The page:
A lot of people gained success singing to their MacBooks in early Youtube. People are doing the same now with their phones on TikTok. Artists like Us the Duo found success singing with half of their face showing on Vine. Create content, think outside the box, be creative, and use social media to expose your art to as many people as you can :)
Why did you start on Twitch?
I was involved with music for League of Legends and I watched Twitch a lot. In one collaboration with Riot Games I had to make a commercial for the game with two influencers, one of whom lived in a streamer house with some of the biggest streamers on Twitch. We wrote the music and rehearsed at that house, and while I was there the other streamers would constantly encourage me to stream on Twitch, saying that I would do well. I gave it a try.
Would you recommend Twitch for all singers?
Twitch has its pros and cons. The pros are that it is monetized very well, and that it is one of the best ways to authentically build connection with your fans/viewers.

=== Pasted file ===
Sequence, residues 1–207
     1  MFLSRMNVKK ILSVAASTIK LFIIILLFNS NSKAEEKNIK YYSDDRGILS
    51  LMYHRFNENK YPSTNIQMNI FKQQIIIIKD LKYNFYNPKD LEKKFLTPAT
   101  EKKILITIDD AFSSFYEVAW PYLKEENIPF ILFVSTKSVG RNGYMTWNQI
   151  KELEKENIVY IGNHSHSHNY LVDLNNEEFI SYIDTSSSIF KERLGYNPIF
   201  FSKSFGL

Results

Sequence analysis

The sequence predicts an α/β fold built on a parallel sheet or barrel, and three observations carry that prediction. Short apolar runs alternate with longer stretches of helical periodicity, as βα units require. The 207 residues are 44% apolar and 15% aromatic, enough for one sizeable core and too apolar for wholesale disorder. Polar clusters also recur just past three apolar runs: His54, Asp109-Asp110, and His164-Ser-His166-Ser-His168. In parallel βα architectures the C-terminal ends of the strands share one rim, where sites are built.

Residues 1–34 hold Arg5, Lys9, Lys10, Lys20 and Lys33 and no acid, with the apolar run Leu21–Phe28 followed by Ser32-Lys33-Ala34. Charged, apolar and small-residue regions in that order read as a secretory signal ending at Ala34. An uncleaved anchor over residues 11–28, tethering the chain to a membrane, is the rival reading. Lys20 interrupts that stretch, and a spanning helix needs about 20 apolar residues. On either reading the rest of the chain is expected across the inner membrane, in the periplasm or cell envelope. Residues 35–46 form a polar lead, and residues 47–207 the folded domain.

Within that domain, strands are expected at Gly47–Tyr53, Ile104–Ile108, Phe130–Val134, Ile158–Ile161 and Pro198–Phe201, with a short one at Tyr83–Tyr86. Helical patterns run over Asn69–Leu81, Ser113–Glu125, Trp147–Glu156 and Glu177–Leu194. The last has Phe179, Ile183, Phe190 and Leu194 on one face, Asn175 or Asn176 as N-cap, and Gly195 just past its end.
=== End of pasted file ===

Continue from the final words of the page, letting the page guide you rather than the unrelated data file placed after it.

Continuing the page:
Discovery is very limited (getting people to find/watch your stream in the first place can be difficult), and the content is very long-form. You’ll need a large repertoire and good vocal technique to sing for long periods of time.
Any social media “fails” or “successes” for you?
The way I got involved with League of Legends was a social media success for me. I had been following LoL for a while, and Riot Games made incredible music for the game. I heard one song in particular (The Curse of the Sad Mummy) and something inside me told me that I had to get involved with it somehow. I gathered a couple friends, and we made a cover of the song on Youtube. It got a couple hundred thousand views, and we sent it to the music team at Riot. They got in contact with me saying that they loved my version and they asked me to start singing for them.
You’re a Berklee Grad – what’s one thing you learned that you are applying all the time?